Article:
Melissa Vital ('23)


According to Merriam-Webster, “transgender” is defined as “of, relating to, or being a person whose gender identity differs from the sex the person had or was identified as having at birth.” For example, a transgender (or trans, the shorter counterpart) man, identifies as a man, but was assigned as a woman at birth. Also, some people use trans* with an asterisk to signify that they are referring to everyone who has a nonconforming gender identity.

In 1965, Dr. John F. Oliven used “transgender” in his medical text, marking one of the first known times that the term was used. Referencing people who use surgery as a means of transition, he used transgenderism synonymously with transsexual. In the 1970s, Virginia Prince also used the word transgenderal numerous times throughout her activism, but she used it separately from transsexual, marking a significant distinction that would change the way we use the word today. Transsexual describes people who transition genders with surgery while the word transgender can describe people who transition without surgery. Ultimately, people’s usage of these terms is a personal decision in terms of what they are most comfortable with.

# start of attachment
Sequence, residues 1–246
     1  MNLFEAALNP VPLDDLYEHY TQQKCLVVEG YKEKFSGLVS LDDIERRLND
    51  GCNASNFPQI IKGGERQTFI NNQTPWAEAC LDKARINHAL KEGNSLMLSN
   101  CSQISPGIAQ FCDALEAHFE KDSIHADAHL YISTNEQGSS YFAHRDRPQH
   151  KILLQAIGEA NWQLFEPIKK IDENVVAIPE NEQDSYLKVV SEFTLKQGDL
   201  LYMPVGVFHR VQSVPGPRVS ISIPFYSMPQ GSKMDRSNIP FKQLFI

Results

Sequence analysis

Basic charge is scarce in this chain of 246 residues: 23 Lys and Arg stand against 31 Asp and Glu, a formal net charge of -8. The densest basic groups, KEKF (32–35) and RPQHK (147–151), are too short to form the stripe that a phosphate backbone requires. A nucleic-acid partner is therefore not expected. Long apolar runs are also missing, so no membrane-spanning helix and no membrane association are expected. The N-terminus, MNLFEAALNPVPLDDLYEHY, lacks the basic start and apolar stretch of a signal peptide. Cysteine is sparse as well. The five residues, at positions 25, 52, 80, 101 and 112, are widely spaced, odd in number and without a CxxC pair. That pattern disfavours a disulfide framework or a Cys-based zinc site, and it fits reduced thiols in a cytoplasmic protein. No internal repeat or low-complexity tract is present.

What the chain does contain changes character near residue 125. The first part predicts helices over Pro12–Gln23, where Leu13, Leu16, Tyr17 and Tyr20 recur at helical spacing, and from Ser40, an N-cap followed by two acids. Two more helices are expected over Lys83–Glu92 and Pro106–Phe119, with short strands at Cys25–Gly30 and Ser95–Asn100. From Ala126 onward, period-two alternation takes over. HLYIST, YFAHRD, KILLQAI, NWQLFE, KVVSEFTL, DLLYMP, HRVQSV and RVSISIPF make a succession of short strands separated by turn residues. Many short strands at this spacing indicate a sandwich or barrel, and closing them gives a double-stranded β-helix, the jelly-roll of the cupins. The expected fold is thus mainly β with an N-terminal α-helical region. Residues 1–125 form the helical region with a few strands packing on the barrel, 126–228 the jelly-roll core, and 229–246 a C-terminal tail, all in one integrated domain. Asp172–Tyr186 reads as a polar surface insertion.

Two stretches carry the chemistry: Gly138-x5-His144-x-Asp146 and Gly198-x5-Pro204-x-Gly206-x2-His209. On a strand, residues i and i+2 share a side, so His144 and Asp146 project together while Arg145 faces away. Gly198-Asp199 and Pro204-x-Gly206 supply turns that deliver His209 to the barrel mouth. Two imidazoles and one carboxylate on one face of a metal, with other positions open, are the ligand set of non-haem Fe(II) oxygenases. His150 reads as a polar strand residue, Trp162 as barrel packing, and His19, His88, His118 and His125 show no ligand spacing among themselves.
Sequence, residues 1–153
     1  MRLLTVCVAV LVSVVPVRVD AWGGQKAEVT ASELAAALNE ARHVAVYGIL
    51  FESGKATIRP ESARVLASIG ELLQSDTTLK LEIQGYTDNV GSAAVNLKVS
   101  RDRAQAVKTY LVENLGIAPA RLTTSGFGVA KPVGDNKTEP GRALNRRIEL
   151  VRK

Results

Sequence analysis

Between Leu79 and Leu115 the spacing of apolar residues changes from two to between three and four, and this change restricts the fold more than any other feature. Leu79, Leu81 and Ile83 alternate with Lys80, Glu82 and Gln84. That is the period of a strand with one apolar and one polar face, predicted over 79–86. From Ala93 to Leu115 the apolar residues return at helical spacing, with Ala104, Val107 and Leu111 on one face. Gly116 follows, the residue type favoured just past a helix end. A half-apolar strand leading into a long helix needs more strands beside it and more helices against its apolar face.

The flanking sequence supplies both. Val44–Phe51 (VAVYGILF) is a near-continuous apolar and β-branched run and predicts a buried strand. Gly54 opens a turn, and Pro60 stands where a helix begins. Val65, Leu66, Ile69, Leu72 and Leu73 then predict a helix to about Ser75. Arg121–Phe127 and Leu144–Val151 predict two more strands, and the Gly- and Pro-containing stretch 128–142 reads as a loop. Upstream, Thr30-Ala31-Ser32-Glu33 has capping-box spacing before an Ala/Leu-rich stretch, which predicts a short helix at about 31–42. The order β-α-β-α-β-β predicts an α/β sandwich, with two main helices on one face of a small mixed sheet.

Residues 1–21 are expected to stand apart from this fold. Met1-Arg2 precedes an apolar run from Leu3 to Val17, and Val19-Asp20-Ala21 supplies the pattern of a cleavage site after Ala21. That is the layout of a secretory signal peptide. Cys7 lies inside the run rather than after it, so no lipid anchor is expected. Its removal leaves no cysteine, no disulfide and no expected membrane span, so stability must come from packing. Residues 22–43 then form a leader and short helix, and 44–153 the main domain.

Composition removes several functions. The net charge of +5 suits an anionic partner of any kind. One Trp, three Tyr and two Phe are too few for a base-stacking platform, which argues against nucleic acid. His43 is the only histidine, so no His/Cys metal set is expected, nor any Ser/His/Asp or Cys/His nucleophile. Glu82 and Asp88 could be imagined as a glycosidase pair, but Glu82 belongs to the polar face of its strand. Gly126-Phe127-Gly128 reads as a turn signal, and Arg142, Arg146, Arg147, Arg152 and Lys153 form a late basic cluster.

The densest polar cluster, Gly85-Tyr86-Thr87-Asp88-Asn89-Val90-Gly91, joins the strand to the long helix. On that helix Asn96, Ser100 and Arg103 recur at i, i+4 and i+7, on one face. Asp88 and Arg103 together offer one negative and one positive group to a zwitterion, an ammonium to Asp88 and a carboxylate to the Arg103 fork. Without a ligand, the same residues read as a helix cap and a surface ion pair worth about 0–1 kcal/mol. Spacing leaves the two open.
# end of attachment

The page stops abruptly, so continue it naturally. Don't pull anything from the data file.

Some also may confuse the difference between the meaning of transgender and intersex. While intersex refers to someone that may have anatomical differences to the “gender binary standard,” if someone is transgender, they have a differing personal sense of their gender compared to birth.

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